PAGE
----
At present, computer networks constitute the core component of information technology infrastructures in areas such as power grids, financial data systems and emergency communication systems. Protection of these networks from malicious intrusions is critical to the economy and security of our nation. To improve the security of these information systems, it is necessary to measure the amount of security provided by different networks configurations. The objective of our research is to develop a standard model for measuring security of computer networks. A standard model will enable us to answer questions such as "are we more secure than yesterday" or "how does the security of one network configuration compare with another one". Also, having a standard model to measure network security will bring together users, vendors and researchers to evaluate methodologies and products for network security.
Some of the challenging aspects of this project are as follows.
- Security Vulnerabilities are rampant: Computer Emergency Response Team (CERT, http://www.cert.org/) reports about a hundred new security vulnerabilities each week. It becomes difficult to manage the security of an enterprise network (with hundreds of hosts and different operating systems and applications on each host) in the presence of software vulnerabilities that can be exploited.
- Attackers launch complex multi-step cyber attacks: Cyber attackers can launch multi-step and multi-host attacks that can incrementally penetrate the network with the goal of eventually compromising critical systems. It is a challenging task to protect the critical systems from such attacks.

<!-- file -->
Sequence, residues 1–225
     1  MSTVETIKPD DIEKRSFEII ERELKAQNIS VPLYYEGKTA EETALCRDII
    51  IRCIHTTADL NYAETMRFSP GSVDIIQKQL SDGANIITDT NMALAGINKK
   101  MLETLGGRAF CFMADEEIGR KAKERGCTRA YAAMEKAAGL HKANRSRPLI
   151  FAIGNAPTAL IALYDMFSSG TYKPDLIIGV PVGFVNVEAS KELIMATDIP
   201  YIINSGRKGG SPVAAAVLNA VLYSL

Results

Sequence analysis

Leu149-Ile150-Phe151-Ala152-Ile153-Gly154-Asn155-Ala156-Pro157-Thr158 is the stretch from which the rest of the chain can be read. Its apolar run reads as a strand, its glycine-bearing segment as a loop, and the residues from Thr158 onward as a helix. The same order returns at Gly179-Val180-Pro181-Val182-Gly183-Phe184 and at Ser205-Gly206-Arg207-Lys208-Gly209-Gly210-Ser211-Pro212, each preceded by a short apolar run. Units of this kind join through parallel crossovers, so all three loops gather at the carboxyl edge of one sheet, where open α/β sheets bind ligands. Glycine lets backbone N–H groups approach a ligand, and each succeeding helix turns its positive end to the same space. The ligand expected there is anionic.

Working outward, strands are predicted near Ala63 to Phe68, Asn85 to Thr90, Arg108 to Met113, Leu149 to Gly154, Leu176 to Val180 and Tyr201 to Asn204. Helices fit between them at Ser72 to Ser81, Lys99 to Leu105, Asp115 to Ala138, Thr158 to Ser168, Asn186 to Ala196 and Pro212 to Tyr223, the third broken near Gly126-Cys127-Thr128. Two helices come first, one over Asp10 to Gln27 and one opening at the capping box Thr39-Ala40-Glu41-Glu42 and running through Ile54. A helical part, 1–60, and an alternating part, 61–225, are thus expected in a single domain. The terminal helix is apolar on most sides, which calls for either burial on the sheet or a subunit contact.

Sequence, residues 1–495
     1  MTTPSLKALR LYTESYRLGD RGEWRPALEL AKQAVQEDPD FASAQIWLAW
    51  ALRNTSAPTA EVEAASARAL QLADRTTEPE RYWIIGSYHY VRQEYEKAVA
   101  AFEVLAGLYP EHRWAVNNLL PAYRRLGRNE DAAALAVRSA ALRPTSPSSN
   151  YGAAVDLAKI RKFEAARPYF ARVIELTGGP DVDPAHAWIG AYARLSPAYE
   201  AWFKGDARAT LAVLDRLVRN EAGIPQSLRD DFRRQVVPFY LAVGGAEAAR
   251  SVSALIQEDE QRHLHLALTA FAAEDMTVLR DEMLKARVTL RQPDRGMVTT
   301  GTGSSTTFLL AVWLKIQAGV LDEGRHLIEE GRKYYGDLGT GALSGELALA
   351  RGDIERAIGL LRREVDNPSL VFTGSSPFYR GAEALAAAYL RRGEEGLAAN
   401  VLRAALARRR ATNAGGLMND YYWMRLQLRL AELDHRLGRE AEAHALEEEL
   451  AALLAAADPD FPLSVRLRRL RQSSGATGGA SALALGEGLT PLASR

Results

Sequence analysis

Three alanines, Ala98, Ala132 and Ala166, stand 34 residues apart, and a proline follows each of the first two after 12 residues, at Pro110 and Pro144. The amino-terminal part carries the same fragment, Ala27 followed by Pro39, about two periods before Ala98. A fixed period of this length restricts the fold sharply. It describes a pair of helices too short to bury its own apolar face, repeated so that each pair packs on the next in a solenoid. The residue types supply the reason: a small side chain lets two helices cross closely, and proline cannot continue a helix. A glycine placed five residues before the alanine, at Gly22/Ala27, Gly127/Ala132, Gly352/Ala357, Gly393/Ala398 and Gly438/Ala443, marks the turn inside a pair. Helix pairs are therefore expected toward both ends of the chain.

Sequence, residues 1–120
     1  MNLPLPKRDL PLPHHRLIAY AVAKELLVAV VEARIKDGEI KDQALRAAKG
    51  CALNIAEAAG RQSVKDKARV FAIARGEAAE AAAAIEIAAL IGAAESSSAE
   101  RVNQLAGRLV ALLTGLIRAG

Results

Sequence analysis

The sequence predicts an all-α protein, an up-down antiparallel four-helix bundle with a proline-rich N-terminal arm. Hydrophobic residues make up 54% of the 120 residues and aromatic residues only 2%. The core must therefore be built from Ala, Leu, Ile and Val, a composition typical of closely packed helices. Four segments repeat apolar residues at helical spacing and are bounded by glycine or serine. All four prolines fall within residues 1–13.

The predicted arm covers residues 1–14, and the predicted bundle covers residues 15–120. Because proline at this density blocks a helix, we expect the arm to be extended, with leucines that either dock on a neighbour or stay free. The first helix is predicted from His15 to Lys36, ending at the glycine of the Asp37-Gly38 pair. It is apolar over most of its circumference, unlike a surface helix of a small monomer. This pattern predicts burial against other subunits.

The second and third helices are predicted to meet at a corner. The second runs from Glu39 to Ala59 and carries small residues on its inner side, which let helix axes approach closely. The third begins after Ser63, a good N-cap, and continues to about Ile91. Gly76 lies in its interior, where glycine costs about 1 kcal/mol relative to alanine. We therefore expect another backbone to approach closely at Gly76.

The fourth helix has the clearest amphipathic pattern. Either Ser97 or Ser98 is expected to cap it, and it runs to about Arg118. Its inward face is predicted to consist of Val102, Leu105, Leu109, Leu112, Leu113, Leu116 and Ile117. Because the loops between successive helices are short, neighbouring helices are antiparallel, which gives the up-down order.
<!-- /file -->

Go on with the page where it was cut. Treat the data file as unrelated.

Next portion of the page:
- Current attack detection methods cannot deal with the complexity of attacks: US computer systems are increasingly under attack. When new vulnerabilities are reported, attack programs are available in a short amount of time. Traditional approaches to detecting attacks (using an Intrusion Detection System) have problems such as too many false positives, limited scalability and limits on detecting.
Good metrics should be measured consistently, are inexpensive to collect, are expressed numerically, have units of measure, and have specific context . We meet this challenge by capturing vulnerability interdependencies and measuring security in the exact way that real attackers penetrate the network. We analyze all attack paths through a network, providing a metric of overall system risk. Through this metric, we analyze tradeoffs between security costs and security benefits. Decision makers can therefore avoid over investing in security measures that do not pay off, or under investing and risk devastating consequences. Our metric is consistent, unambiguous, and provides context for understanding security risk of computer networks.
2. Attack Graphs
Attack graphs model how multiple vulnerabilities may be combined for an attack. They represent system states using a collection of security-related conditions, such as the existence of vulnerability on a particular host or the connectivity between different hosts. Vulnerability exploitation is modeled as a transition between system states.
As an example, consider Figure 1. The left side shows a network configuration, and the right side shows the attack graph for compromise of the database server by a malicious workstation user. In the network configuration, the firewall is intended to help protect the internal network. The internal file server offers file transfer (ftp), secure shell (ssh), and remote shell (rsh) services. The internal database server offers ftp and rsh services. The firewall allows ftp, ssh, and rsh traffic from a user workstation to both servers, and blocks all other traffic.
In the attack graph, attacker exploits are blue ovals, with edges for their preconditions and post conditions. The numbers inside parentheses denote source and destination hosts. Yellow boxes are initial network conditions, and the green triangle is the attacker's initial capability. Conditions induced by attacker exploits are plain text. The overall attack goal is a red octagon. The figure also shows the direct impact of blocking ssh or rsh traffic (to the fileserver) through the firewall, i.e., preventing certain exploits in the attack graph.